April 25, 2024

On the Job

Years ago, I worked in Business Affairs for a television production company that no longer exists. One day, we were working on the contract for a particular actor to appear in one of our shows. The contract had been typed up and printed. The actor was in town, staying at a hotel. (Was it the Beverly Hilton, Chateau Marmont, the St. James? I don't remember.) His agent had talked to my boss's boss, and they had agreed on one last change to the contract. We needed to make the change, print the revised contract, and have it messengered to the hotel. That should have been easy, but for some reason, it wasn't.

I made the change to the contract and printed it, but what printed was the old, unchanged version. I tried again, with, of course, the same result. It was odd. Maybe I'm doing something wrong, I thought, and asked one of my co-workers to take over. He had the same problem. We could see on screen the updated contract, but it just wouldn't print. We tried different possible solutions, but none of them worked.

In the meantime, my boss, Ted, was fuming. He stood behind us, complaining as we struggled with the computer, his neck and face turning pink. He kept reminding us that the contract absolutely had to be at the hotel by 4:00. The messenger was standing by. "Why can't you get this right?" he demanded. I told him that I didn't know what the problem was and that I couldn't think straight because having him stand behind me yelling about it was making me hysterical. He stomped out of the room.

We continued struggling, but still succeeded in printing only the old version of the contract. Finally, Ted solved the problem another way. He picked up a pen and a copy of the contract and made the correction by hand. The contract was delivered, but the next day the terms were changed again.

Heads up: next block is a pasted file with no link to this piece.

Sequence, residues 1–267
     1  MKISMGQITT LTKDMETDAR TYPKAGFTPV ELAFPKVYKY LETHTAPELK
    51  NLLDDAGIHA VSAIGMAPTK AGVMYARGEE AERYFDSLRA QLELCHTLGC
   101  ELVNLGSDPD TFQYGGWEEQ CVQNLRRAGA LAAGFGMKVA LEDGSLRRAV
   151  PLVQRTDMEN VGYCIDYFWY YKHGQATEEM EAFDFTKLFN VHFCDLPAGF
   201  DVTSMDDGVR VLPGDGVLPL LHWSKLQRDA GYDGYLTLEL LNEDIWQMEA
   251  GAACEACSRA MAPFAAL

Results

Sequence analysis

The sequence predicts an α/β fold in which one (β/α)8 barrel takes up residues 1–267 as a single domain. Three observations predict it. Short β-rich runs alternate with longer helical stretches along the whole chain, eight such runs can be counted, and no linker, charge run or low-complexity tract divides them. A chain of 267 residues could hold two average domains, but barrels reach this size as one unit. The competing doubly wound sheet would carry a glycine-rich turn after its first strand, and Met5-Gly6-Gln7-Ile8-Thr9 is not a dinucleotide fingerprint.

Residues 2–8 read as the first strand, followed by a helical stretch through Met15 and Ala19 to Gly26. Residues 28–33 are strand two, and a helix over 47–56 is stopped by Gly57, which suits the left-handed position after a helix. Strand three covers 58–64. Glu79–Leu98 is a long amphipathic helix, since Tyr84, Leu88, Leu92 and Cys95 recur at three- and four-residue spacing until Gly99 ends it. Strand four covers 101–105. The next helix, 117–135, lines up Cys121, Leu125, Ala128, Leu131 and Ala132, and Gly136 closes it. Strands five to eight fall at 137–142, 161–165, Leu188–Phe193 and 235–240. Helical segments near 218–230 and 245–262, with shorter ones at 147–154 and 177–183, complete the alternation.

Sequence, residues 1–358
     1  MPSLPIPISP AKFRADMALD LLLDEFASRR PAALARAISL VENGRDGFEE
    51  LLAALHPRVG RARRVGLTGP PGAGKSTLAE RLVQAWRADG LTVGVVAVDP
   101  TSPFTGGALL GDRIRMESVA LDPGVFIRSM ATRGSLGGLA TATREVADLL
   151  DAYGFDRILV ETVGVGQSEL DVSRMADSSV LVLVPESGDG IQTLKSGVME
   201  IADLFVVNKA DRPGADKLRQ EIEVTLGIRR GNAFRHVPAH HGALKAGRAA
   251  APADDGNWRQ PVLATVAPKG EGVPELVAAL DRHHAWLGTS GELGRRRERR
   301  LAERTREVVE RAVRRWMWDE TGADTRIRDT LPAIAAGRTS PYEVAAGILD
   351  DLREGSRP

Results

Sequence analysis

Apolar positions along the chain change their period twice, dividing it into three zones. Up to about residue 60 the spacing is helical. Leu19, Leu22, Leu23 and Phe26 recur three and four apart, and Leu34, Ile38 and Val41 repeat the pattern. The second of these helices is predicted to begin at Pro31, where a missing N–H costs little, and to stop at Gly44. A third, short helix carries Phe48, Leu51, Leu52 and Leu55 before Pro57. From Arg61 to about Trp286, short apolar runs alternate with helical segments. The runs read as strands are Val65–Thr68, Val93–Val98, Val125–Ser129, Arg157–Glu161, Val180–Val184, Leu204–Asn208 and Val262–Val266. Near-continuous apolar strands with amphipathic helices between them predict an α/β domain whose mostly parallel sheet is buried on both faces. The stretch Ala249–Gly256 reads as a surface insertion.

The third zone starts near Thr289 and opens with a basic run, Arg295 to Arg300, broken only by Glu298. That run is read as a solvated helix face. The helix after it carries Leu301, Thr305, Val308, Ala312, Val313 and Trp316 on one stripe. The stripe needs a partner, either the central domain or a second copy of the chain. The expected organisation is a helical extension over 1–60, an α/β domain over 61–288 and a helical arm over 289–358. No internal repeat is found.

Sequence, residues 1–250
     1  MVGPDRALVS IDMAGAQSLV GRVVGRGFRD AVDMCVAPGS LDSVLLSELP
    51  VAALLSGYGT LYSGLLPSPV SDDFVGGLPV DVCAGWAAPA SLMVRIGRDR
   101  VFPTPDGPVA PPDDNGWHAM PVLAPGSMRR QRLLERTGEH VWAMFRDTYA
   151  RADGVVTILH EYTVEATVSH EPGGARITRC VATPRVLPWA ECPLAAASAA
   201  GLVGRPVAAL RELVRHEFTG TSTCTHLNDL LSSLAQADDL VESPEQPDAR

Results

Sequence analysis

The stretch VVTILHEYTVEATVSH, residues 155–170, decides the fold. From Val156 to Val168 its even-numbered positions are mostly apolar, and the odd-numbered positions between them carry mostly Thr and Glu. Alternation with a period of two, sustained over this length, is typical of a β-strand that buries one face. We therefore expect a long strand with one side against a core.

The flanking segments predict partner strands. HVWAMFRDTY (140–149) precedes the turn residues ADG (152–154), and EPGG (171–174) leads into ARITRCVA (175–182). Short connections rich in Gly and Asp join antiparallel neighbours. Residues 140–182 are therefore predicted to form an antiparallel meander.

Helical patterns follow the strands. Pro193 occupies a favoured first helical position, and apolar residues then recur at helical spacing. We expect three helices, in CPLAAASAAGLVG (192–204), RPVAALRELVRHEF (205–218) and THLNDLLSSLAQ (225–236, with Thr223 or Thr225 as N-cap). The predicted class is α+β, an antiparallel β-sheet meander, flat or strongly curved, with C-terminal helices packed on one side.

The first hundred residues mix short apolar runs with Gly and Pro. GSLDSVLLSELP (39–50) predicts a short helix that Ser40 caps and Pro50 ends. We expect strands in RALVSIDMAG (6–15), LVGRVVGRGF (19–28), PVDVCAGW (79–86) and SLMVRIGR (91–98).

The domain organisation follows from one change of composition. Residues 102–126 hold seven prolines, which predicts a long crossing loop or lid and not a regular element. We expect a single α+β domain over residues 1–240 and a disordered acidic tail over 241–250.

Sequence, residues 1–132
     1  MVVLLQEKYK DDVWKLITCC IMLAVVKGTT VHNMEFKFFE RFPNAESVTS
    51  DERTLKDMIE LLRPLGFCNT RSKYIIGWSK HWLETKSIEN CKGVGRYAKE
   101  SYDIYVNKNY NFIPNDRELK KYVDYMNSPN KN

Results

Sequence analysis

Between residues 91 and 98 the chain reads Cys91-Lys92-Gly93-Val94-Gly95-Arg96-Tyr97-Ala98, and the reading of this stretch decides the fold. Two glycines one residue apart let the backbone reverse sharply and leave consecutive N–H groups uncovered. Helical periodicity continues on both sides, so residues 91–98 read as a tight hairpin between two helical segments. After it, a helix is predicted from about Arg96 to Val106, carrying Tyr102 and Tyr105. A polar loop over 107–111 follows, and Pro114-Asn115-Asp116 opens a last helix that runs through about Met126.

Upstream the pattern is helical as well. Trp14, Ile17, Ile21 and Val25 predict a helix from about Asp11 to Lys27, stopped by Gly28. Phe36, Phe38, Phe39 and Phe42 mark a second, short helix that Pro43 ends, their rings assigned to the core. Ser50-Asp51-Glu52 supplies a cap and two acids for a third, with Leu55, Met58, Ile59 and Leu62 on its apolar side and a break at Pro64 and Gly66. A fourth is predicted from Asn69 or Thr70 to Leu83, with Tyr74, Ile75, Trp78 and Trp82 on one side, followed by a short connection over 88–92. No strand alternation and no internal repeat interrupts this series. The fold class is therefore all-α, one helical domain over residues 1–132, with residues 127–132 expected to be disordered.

I hadn't thought about that day in years, until something recently jogged the memory. I'm more experienced now, and I can think of things we didn't try that might have solved our computer problem. But without a time machine, my hypothetical solutions to a truly unimportant problem remain hypothetical. And if I had a time machine, I wouldn't waste it on that.

I was fired from that job a few months after the contract incident. ("Your position is being eliminated," Ted told me.) Ted died 10 years ago, at the age of 70. I think it is unlikely that he ever remembered me or the struggle with that contract, or that it had any real effect on his overall job satisfaction or happiness in life. I also think it unlikely that, as he neared death, he wished that he had spent more time getting paperwork done on time and meeting the petty demands of people in show business.


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